Ever heard of Harvard? Thought so. How about Yale or Princeton? Thought so, too.
These universities are part of the Ivy League, better known as the Ivies, among America's most known brands. How well do you know these institutions of higher education? Here are 7 True or False Questions to test your knowledge of the (in)famous American Ivy League.
True or False?
1. The Ivy League is a group of universities originally formed for its academic excellence.
2. Stanford University, MIT, and Georgetown are some Ivies.
3. Ivy League institutions are the oldest institutions in the US.
4. All Ivy League institutions are private research universities.
5. Ivy League institutions are expensive.
6. The admissions percentage to Ivies is a single digit, ie, less than 10%.
7. All Ivies have the highest-paid graduates.
1. False. The name, Ivy League, became official in 1954 when 8 universities competed in an sports conference that became known as the National Collegiate of Athletic Association or the NCAA as it is more commonly known. As it did then, the NCAA today regulates student athletes of member institutions and organizes college (university) competition. The namesake comes from the slightly earlier time of the 1930s when the New York Herald Tribune sports writer, Stanley Woodward coined the phrase to refer to these universities.
2. False. Stanford, MIT, and Georgetown University are often mistaken as Ivies. The eight Ivy League institutions are the original Big 3, Harvard, Yale, and Princeton, plus Columbia, University of Pennsylvania (UPenn) Brown, and Dartmouth College, and the lesser-known Cornell University.
3. True. And False. Although Harvard University claims to be the oldest of the colonial colleges established before the American revolution, the University of North Carolina at Chapel Hill and the College of William and Mary also claim oldest status.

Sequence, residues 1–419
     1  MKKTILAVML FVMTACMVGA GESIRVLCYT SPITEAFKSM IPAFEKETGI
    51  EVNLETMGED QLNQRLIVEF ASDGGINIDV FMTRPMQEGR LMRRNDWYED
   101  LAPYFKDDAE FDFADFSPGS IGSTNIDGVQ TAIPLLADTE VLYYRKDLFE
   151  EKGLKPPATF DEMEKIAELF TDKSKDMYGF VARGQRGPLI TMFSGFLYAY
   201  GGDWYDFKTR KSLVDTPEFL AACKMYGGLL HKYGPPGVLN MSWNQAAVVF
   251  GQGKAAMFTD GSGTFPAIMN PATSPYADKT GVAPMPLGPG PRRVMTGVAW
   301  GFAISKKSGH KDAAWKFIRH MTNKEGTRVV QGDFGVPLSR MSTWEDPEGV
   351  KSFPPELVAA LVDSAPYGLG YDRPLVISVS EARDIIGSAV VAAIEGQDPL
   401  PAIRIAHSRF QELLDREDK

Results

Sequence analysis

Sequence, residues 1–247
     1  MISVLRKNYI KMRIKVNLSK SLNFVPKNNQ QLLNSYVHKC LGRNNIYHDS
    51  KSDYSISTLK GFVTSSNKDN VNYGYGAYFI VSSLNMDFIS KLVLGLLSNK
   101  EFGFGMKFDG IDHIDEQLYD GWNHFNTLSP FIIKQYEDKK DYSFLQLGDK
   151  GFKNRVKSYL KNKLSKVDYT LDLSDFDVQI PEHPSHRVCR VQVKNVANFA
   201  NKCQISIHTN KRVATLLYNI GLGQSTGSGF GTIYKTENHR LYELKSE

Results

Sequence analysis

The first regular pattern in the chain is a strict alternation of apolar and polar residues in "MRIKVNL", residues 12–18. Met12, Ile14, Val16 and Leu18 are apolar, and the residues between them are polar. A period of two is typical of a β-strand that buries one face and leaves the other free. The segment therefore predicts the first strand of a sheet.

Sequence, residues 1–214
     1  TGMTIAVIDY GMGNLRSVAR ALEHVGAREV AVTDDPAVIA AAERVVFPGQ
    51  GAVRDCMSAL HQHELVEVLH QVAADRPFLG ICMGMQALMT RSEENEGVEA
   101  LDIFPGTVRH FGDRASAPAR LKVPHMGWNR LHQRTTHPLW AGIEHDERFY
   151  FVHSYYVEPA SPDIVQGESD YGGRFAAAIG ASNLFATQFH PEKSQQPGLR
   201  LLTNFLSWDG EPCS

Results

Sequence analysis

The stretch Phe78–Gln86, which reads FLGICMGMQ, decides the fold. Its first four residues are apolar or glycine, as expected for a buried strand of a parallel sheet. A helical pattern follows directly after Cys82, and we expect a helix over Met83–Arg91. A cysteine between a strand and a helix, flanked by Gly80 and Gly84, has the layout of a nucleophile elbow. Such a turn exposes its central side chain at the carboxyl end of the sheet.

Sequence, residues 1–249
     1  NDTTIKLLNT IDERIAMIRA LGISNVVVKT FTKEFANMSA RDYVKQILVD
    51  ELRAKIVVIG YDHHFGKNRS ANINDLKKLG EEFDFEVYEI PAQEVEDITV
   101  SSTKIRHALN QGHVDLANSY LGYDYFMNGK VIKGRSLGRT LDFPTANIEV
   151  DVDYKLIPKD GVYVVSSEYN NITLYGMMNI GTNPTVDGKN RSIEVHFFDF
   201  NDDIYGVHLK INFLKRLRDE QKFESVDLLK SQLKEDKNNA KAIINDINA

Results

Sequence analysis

4. True. Bearing both the appeal and the controversy of a private university the 8 Ivies have spawned a list of 8 Public Ivies, reputed to give an Ivy education at a public price through "flagship" or lead public universities like Berkeley in the University of California (UC) system and the University of North Carolina at Chapel Hill.
5. True. However, along with other American non-Ivy League institutions, they have among the largest endowments in the world and offer scholarships and financial aid for tuition, room and board. Harvard eclipses all others with nearly $33 billion, followed by Yale ($21 billion) then Princeton and Stanford ($19 billion each). As is the case with non-Ivies, the sticker price may not be what students are paying.
6. Almost False. But a little bit True. US News and World Report say that Stanford (not an Ivy) is currently number 1 with an admissions rate of 5.7%. Harvard comes in a close second at 5.8%; Columbia and Yale tie for a third at 6.9%. Cornell is the Ivy League university with the highest acceptance rate at 15.56%.
7. False. According to PayScale, Harvard, Princeton and UPenn are in the top 10 with starting salaries at the low-end of $60K and mid-career incomes at around $120K, but top graduates by income goes to engineering or tech colleges like Harvey Mudd College and Cal Tech. A few lesser-known liberal arts colleges with strong engineering programs like Santa Clara and Duke outplaced some Ivies by mid-income careers.
Haru Yamada, octobre 2015
Rencontre avec Claire pseudo Lilli Bé, illustratrice
Brice nous dévoile les coulisses de ce métier si passionnant.
Aude Mouton, psychologue en cabinet et au lycée Charles de Gaulle, nous fait découvrir son métier.